In recipes that call for milk, substitute with soy milk, or rice milk. Use soy cheese instead of cow’s milk cheese, and flaxseed oil or almond butter instead of regular butter.
2. Avoid Wheat and Wheat Gluten
No matter the cause of your fatigue, if your symptoms are severe, stop eating wheat. Gluten, a protein in wheat, is highly allergenic and difficult for the body to process. Wheat intolerance causes fatigue, depression, bloating, intestinal gas, bowel changes, and even emotional symptoms. Strike them from your diet for a few weeks to see if you feel any difference in your energy levels.
3. Eliminate Caffeine
Coffee, black tea, sodas—the very drinks we use to get going in the morning or pick us up in the afternoon—actually deplete our energy. While caffeine provides a brief burst of energy, it also depletes energy and physical reserves by stressing the nervous system and adrenal glands. Ultimately it increases fatigue and causes anxiety, irritability, jitteriness, and sleeplessness.
Instead, try herbal teas, such as peppermint, ginger, and chamomile that naturally boost energy and soothe anxiety and irritability. If you like tea sweetened, use honey. To wean yourself from coffee, switch to decaffeinated, then to a coffee substitute made from grain, such as Postum, which is widely available from online retailers and in health food stores. Also drink lots of water, which neutralizes acidity.
Add These Energizing Nutrients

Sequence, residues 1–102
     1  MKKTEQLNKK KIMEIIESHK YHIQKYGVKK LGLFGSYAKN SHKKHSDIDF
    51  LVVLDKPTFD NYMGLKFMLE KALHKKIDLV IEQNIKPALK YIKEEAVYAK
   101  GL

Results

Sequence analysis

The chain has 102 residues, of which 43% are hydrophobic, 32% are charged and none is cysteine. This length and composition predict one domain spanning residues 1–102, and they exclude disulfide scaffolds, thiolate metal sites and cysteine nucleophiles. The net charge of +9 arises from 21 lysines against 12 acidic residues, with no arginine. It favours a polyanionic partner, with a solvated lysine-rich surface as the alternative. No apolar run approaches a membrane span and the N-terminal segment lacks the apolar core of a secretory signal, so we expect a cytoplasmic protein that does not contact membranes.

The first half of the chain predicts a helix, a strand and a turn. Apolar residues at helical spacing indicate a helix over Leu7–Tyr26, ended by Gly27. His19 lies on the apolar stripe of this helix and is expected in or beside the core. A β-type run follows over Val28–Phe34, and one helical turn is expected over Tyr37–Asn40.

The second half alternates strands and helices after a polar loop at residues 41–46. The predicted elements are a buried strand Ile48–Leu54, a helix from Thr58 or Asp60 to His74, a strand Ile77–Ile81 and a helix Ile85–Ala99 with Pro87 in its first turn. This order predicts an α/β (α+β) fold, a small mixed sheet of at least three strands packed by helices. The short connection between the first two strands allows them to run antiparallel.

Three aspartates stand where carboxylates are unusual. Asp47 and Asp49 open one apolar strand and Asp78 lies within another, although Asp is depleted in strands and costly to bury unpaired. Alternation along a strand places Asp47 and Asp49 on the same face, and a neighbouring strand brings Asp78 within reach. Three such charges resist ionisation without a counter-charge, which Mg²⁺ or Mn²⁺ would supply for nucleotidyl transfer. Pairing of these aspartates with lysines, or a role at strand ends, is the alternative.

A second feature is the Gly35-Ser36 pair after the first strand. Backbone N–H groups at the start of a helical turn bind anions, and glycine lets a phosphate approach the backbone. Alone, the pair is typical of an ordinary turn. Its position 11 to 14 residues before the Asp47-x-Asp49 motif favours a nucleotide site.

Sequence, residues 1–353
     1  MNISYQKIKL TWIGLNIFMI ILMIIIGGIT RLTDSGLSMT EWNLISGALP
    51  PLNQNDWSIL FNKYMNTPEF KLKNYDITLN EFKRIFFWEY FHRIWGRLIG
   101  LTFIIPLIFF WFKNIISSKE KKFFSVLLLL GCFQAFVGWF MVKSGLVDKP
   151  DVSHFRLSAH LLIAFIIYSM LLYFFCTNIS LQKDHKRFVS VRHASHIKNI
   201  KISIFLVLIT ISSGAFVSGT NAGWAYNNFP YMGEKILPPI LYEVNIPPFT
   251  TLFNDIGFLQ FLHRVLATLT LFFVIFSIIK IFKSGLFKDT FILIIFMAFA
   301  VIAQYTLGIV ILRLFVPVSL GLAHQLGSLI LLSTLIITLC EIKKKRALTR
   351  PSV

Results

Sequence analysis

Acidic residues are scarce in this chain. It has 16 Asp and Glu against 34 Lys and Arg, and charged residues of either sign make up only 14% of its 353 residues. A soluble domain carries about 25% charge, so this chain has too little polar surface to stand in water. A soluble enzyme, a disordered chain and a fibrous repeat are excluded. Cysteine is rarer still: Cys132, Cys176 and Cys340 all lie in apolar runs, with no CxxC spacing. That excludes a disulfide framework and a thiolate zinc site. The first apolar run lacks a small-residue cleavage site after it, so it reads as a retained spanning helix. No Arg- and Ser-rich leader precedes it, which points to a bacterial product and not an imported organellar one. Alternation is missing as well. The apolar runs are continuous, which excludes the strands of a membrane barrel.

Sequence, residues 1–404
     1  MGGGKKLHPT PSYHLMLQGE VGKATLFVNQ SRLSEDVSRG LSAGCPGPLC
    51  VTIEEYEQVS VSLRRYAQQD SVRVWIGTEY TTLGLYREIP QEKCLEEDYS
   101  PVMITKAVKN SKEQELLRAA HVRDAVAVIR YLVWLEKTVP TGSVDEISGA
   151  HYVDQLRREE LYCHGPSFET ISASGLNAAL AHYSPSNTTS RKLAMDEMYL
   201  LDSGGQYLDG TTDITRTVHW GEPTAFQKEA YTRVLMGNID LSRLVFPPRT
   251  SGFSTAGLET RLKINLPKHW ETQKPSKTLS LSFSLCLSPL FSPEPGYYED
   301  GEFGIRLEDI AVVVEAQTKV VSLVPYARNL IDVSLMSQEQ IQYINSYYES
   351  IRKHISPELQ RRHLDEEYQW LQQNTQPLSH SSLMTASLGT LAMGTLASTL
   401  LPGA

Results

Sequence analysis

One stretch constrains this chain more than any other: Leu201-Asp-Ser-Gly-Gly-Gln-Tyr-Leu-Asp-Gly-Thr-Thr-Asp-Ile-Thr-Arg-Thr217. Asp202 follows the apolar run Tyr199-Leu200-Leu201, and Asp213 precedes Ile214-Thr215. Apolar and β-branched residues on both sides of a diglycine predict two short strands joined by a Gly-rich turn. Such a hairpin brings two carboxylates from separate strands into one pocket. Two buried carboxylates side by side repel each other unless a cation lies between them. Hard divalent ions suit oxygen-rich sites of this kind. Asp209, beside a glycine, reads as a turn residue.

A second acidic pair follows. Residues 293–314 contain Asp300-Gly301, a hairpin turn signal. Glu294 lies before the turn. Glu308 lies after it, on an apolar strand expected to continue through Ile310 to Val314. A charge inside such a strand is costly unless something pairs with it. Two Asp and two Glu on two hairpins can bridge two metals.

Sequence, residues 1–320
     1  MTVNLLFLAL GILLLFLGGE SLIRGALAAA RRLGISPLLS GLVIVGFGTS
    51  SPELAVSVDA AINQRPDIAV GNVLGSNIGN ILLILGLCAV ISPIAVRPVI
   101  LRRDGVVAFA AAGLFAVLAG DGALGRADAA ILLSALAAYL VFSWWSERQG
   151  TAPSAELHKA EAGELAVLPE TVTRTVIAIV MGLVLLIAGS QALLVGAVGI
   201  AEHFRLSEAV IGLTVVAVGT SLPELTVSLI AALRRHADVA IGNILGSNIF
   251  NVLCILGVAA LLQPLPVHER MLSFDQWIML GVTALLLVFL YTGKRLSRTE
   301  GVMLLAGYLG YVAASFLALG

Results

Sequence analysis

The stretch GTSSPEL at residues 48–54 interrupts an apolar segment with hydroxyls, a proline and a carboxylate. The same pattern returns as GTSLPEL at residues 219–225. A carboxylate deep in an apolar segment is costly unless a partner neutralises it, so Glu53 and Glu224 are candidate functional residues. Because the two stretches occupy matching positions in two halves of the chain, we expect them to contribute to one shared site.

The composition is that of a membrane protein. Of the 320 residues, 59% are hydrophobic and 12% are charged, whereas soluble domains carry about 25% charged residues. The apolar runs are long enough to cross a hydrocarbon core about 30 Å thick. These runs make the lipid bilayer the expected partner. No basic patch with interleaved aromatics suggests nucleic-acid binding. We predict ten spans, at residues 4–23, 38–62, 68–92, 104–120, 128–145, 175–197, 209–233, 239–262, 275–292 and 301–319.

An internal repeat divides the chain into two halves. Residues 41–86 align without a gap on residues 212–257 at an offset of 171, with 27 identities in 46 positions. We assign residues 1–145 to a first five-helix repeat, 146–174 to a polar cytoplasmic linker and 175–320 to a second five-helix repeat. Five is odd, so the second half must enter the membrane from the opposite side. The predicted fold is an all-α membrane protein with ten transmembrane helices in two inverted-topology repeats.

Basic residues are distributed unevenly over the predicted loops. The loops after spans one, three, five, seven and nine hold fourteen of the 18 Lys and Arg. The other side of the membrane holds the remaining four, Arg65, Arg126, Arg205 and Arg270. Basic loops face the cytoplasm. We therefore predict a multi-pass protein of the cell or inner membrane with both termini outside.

In addition to eating a healthy, well-balanced diet, you can help protect and promote your body’s basic energy production processes with specific nutritional supplements. I recommend you take a high-quality multinutrient that includes 350–1,000 mg of magnesium, 700–2,000 mg of calcium, 100–300 mg of potassium, and 25–100 mg of the B complex vitamins. If you use my Daily Answer Multinutrient for Women, you’re covered.
For additional energizing nutritional support, try my Energy Vitalizer formula, which I developed to work hand in hand with Daily Answer for maximum energy. It includes CoQ10 and adaptogenic herbs, such as Rhodiola rosea extract, that help moderate the release of stress hormones and support your energy levels, drive, and motivation.
By following these specific diet and nutritional supplement recommendations, you should notice a striking improvement in your energy levels. They’ll help you fight fatigue and rediscover your youthful energy, both during the sluggish winter months and throughout the year."
Avoiding mitochondrial dysfunction starts at just by maintaining optimum electrolyte and fluid balance as mentioned above:
"help your body maintain proper electrolyte and fluid balance, which allows your cells to absorb nutrients, discharge waste products, and ultimately, maintain your energy level."
I don't agree with the bits in bold.Weight Loss Goal - to reach 55kg
Currently doing 12 week body transformation - at 64kg (9kg to goal)
(Started 27/8/12 at 77.8kg)